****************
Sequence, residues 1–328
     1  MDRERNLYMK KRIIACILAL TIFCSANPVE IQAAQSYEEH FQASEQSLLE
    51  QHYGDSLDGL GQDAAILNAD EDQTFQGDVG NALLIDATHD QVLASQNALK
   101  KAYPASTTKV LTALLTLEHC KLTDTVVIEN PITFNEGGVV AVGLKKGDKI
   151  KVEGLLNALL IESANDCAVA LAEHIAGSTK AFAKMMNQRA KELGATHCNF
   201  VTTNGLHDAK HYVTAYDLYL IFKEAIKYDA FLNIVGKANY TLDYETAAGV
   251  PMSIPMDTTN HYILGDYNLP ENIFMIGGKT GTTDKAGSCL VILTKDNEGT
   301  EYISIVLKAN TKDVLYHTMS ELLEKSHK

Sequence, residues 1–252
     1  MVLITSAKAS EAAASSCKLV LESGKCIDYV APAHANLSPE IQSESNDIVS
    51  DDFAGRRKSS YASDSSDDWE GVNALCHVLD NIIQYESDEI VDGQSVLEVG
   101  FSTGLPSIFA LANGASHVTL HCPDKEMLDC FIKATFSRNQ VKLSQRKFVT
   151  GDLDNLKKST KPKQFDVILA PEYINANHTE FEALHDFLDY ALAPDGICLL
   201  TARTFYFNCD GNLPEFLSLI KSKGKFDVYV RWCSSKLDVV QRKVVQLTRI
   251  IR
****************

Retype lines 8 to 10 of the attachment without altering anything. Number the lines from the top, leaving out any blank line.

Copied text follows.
   301  EYISIVLKAN TKDVLYHTMS ELLEKSHK

Sequence, residues 1–252
     1  MVLITSAKAS EAAASSCKLV LESGKCIDYV APAHANLSPE IQSESNDIVS